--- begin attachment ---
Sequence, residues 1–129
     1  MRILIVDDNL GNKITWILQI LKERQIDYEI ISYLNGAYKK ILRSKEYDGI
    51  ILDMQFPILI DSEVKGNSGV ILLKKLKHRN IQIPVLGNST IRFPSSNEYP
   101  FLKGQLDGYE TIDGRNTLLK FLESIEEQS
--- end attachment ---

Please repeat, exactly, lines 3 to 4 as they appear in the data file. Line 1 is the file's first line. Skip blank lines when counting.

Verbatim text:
    51  ILDMQFPILI DSEVKGNSGV ILLKKLKHRN IQIPVLGNST IRFPSSNEYP
   101  FLKGQLDGYE TIDGRNTLLK FLESIEEQS